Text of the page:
Arizona elected officials and community leaders met Sunday for a virtual town hall on COVID-19. The Vice Mayor of the border town of San Luis, Ariz. was part of the presentation.
The bilingual online meeting was organized to bring attention to the challenges of the COVID-19 pandemic with the Latinx and undocumented communities.
San Luis Vice Mayor Maria Cruz was among the speakers.
“As a city, we have done everything possible so that the (daily) COVID-19 numbers come down," Cruz said.
Cruz said city leaders have taken many steps to slow the spread of the virus, including requiring the wearing of face masks in public. Other participants said the Latinx community needs access to virus information in both English and Spanish and that undocumented individuals may avoid medical care because they fear they will be deported.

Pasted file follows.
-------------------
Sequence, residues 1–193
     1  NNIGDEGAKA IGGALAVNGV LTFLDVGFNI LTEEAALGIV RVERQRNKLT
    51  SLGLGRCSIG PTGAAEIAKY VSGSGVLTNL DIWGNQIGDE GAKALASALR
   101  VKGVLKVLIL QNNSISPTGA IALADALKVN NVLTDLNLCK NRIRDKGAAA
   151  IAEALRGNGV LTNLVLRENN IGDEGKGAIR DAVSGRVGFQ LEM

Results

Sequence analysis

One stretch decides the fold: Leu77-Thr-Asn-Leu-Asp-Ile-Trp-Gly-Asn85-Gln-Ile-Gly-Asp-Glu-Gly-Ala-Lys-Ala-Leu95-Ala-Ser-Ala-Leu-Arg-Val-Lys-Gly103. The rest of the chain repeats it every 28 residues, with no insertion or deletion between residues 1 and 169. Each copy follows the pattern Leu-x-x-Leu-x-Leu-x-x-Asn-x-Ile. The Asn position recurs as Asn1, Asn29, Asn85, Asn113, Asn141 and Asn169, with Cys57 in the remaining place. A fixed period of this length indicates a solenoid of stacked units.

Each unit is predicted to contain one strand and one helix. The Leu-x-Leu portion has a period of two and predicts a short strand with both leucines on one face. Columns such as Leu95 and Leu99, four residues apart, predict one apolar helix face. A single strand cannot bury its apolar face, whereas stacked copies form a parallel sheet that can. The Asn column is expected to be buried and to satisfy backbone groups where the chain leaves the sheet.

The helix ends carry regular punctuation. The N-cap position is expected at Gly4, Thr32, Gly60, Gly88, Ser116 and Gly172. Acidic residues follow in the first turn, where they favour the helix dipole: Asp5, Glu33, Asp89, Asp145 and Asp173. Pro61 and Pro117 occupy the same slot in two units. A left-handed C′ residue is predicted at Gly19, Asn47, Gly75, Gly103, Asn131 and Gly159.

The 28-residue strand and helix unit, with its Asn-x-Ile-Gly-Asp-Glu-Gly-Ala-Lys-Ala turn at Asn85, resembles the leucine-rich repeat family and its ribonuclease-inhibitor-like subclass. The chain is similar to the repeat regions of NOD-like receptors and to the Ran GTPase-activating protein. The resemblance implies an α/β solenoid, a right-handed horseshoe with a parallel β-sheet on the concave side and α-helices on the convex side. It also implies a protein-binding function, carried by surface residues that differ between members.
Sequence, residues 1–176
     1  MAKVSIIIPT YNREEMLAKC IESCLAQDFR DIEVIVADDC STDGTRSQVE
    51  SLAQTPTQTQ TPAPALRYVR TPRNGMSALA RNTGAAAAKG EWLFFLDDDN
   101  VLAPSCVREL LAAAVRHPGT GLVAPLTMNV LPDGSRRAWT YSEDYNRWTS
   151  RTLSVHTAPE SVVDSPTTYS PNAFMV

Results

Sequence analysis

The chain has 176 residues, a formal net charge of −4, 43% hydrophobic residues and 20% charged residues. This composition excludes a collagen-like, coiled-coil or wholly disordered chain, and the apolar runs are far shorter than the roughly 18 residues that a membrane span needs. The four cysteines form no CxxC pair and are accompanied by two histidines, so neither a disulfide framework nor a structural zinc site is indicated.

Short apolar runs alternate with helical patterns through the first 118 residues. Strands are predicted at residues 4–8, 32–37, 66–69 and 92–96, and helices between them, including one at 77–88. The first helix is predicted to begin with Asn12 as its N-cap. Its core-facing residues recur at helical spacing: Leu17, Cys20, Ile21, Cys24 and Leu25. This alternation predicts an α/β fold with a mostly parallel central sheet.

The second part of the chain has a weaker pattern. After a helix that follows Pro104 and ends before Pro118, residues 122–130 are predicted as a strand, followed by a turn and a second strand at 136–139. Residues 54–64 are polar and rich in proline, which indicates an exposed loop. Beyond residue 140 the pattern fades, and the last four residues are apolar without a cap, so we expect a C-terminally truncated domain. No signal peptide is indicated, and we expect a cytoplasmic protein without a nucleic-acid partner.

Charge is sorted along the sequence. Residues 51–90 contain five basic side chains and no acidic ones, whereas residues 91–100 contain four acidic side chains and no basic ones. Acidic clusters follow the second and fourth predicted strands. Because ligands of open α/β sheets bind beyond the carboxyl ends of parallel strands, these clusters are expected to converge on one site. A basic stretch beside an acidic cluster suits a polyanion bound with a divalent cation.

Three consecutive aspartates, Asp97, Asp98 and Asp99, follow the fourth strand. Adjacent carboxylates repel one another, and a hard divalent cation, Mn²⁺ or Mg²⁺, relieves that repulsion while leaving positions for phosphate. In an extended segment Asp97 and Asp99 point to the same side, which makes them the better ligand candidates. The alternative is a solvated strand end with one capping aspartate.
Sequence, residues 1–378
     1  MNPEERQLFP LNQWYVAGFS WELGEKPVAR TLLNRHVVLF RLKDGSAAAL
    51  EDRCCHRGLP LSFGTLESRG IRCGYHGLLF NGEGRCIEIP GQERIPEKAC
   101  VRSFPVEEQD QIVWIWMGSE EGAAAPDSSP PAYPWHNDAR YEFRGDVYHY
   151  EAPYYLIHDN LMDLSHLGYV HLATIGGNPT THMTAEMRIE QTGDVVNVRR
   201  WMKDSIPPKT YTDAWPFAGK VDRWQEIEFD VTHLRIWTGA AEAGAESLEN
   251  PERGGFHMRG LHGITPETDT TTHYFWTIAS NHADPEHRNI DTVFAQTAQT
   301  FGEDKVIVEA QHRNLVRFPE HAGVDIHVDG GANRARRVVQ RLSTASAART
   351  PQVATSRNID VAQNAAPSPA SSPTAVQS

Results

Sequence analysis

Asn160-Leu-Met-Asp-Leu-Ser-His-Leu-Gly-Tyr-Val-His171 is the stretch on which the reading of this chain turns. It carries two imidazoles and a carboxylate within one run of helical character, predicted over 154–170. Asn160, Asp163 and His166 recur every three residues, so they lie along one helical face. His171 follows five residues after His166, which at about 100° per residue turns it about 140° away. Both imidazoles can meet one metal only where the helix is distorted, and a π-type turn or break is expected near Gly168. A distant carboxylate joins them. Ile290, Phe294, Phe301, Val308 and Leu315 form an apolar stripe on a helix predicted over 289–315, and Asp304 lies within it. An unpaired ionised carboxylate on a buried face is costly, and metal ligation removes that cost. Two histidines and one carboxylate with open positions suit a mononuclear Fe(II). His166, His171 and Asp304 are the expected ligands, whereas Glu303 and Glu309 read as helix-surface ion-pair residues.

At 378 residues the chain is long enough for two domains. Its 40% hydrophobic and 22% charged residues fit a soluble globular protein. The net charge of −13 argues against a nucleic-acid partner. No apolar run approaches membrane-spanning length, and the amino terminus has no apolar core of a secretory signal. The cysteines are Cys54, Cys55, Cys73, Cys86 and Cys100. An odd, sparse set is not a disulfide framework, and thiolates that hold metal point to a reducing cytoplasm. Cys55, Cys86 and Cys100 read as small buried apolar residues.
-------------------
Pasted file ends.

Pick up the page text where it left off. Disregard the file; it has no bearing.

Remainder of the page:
As of Sunday, 503 cases were reported in San Luis, Ariz. By comparison, Yuma and Somerton each have about 3,000 cases.
The virtual town hall was organized by the three Arizona interns for the Congressional Hispanic Caucus Institute, or CHCI.
Vanessa Aguiar is a graduate of San Luis High School. She currently attends Arizona State University. She said she wanted to include young adults like herself as many say their age group is not acting enough to slow the spread.
"Which is also why I decided to make a big effort to have more people from San Luis join and people from the ASU community because I know that there are people that maybe are not my close friends but (there) are people that aren't taking this (virus) seriously enough and need to make bigger efforts," Aguiar said.
She was joined by fellow CHCI interns Lenika Rivas of Mesa, who attends Brown University in Providence, R.I., and Carolina Olea Lezema of Phoenix, who attends Tufts University near Boston.
Besides organizing the virtual town hall, Aguiar and her Arizona CHCI colleagues also created a GoFundMe account to support undocumented and mixed-status families in Arizona who have not received stimulus checks or financial assistance during the pandemic.
As of Monday afternoon, they had raised $2,020.